Asteroids

DART Made a Surprisingly Big Impact on Dimorphos

NASA’s DART (Double Asteroid Redirection Test) mission was hailed a success when it collided with its target asteroid Dimorphos last year. The purpose of the endeavour was to see if it could redirect an asteroid and, since the impact, astronomers have been measuring and calculating the impact on the target. It is incredible that the 580kg spacecraft travelling at 6 km/s was able to impart enormous kinetic energy to the 5 billion kg asteroid.

The DART mission, launched by NASA in 2021, aimed to test our ability to deflect asteroids. By crashing a spacecraft into the smaller asteroid of the Didymos binary system, DART was to demonstrate the effectiveness of kinetic impactors in altering an asteroid’s trajectory. This mission marked a crucial step in planetary defence, showcasing technology that could one day protect us from potential asteroid impacts.

Studies from the impact have shown that the kinetic impact approach for deflecting asteroids is a viable approach. Earth-based observations indicate that Dimorphos’ orbit around its parent asteroid, Didymos, decreased by approximately 33 minutes. However, researchers remain uncertain about the overall ‘impact’ to the asteroid from the spacecraft’s impact. Additionally to be able to understand the efficiency of the moment transfer from the impact (known as the beta factor) a precise measurement fo the asteroids mass must be known. This is up to the Hera mission to achieve.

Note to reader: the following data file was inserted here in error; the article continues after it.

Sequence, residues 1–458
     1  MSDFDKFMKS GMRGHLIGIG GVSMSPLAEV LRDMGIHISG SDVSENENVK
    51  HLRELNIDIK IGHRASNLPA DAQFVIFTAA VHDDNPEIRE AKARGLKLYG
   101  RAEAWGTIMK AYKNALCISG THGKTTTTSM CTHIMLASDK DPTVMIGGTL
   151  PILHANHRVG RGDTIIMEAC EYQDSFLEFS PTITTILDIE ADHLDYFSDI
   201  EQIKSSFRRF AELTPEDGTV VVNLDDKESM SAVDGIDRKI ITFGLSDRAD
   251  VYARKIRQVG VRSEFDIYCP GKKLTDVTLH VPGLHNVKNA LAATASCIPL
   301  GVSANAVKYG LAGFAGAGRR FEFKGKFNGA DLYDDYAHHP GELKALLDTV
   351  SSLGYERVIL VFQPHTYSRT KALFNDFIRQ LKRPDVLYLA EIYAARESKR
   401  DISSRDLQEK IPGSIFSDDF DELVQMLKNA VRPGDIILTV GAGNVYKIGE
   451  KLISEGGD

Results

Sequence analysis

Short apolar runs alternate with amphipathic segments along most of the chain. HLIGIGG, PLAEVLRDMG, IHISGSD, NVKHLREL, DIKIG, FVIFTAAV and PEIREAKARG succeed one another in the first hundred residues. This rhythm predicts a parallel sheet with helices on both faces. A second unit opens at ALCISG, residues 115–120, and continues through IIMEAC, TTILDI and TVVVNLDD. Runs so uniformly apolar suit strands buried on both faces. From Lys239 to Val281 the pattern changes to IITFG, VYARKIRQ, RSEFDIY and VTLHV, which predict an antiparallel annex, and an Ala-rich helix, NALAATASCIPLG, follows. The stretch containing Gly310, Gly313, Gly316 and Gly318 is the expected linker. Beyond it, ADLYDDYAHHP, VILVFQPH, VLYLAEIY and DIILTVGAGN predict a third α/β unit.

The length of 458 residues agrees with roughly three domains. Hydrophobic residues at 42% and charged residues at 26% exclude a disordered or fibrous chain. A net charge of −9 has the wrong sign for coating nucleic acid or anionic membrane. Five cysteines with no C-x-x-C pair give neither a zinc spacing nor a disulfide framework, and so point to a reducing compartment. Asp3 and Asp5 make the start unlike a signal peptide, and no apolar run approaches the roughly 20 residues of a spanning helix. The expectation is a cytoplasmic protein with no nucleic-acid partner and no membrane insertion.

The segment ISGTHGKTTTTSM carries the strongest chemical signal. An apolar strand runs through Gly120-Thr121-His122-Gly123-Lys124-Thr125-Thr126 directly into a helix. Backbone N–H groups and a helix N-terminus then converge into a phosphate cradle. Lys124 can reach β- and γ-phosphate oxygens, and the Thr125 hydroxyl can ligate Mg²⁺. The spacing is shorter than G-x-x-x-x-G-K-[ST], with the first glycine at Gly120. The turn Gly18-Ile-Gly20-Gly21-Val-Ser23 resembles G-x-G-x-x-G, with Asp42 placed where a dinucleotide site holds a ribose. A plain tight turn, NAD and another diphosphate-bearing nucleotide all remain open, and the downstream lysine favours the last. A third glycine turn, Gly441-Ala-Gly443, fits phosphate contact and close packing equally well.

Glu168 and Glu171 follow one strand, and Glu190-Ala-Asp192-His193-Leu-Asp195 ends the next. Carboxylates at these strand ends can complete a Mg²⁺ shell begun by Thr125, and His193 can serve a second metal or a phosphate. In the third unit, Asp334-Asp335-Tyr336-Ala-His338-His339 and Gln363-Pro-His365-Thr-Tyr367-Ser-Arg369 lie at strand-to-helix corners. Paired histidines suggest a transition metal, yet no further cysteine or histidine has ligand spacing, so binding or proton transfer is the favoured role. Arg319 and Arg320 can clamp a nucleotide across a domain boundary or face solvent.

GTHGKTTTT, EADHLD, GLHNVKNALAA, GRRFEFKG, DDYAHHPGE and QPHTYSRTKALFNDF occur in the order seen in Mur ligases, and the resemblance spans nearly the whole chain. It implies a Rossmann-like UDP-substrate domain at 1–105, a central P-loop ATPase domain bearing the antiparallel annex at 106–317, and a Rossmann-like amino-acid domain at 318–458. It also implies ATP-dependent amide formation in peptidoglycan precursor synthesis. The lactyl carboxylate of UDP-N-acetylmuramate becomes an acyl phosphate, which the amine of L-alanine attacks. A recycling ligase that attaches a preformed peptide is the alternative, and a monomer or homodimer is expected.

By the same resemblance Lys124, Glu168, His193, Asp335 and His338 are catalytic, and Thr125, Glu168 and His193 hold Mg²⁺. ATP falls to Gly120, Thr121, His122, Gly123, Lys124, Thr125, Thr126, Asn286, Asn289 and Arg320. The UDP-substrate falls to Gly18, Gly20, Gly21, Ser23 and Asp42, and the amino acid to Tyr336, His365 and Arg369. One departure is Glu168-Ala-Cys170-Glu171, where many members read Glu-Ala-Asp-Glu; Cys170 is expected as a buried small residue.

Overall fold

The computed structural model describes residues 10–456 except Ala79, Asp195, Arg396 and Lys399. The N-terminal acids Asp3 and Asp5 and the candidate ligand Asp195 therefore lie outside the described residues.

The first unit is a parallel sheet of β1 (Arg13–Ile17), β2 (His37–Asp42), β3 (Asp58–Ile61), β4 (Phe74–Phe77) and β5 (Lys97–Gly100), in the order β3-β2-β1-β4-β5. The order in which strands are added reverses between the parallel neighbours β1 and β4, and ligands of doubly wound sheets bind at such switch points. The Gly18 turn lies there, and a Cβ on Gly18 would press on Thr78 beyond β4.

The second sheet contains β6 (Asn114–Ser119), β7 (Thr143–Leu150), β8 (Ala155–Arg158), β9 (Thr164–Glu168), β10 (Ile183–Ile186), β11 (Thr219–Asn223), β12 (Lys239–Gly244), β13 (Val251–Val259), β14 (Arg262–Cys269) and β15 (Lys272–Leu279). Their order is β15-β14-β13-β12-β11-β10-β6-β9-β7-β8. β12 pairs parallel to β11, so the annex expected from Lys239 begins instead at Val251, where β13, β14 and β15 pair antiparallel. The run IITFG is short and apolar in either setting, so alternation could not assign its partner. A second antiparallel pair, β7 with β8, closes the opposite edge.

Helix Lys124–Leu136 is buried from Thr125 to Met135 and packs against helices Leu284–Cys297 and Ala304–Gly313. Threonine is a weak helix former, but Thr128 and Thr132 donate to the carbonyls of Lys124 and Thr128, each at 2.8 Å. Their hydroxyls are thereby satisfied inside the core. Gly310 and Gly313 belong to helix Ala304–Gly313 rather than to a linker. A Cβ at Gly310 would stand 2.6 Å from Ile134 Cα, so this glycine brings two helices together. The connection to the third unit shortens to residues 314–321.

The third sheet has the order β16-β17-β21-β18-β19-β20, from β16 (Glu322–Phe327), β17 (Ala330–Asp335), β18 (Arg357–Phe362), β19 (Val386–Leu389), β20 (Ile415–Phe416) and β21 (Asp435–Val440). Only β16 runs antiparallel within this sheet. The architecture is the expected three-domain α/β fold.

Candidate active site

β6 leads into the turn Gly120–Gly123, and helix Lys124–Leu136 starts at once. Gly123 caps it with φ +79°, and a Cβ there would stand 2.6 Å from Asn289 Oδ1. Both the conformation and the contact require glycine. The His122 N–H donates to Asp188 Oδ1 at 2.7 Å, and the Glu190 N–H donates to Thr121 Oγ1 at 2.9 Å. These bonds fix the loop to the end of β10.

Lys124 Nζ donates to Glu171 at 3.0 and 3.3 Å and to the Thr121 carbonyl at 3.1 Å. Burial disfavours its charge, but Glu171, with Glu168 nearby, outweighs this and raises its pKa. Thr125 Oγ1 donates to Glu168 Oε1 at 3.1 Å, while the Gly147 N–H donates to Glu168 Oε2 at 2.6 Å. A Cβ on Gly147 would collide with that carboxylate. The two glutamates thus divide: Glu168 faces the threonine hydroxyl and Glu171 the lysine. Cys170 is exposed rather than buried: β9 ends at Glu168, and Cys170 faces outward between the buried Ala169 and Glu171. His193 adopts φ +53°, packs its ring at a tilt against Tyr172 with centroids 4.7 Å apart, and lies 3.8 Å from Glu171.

This illustration shows the ESA’s Hera spacecraft and its two CubeSats at the binary asteroid Didymos. Image Credit: ESA

Hera is a European Space Agency mission due for launch in October 2024 and arrive in 2026. Its purpose is to survey the Didymos binary asteroid system following the DART impact. Hera will measure the mass accurately but will also attempt to measure the recoil from material ejected out into space. We already have some information from the Italian LICIACube, images from James Webb and Hubble show a plume of debris that extended 10,000 km into space. 

While we wait for Hera to arrive, research teams have been simulating the DART impact using the Bern Smoothed Particle Hydrodynamics impact code (SPH). It was developed at the University of Bern and was designed to model the break up of rocky bodies from collisions. It’s a fascinating tool that converts colliding bodies into millions of individual particles whose behaviours are informed by the laws of physics. This isn’t just some whimsical game though, the software has been used already to reproduce the impact of Japan’s Hayabusa2 spacecraft with the asteroid Ryugu.

The simulation is very timely taking about a week and a half to run a simulation. In total, despite the slow processing, around 250 simulations were run. Asteroid parameters that were known were used in the simulation with others being varied where the information was not well known. The team then looked at which outcome most closely matched observation. 

Running these simulations for Dimorphos revealed an asteroid that is largely a weak pile of rubble held together by a weak gravitational field rather than general cohesive strength. To understand cohesion, imagine the difference between a ‘poured’ pile of sand or flour.  The flour would form a taller cone shape (high cohesivity) whereas the sand would be a flatter pile (low cohesivity).  It is believed that the impact site would have formed a crater but the crater would likely have grown to encompass a good proportion of the asteroid, and the low gravity and cohesivity is likely to have reshaped the asteroid. 

The data suggests that 1% of the entire mass of Dimorphos was ejected into space by the impact and that 8% of the mass was likely to have been shifted around its body. All of this is from simulations but we won’t know for sure just what impact DART had on Dimorphus, not until Hera arrives in two years time. 

Source : DART impact might have reshaped Hera’s target asteroid

Mark Thompson

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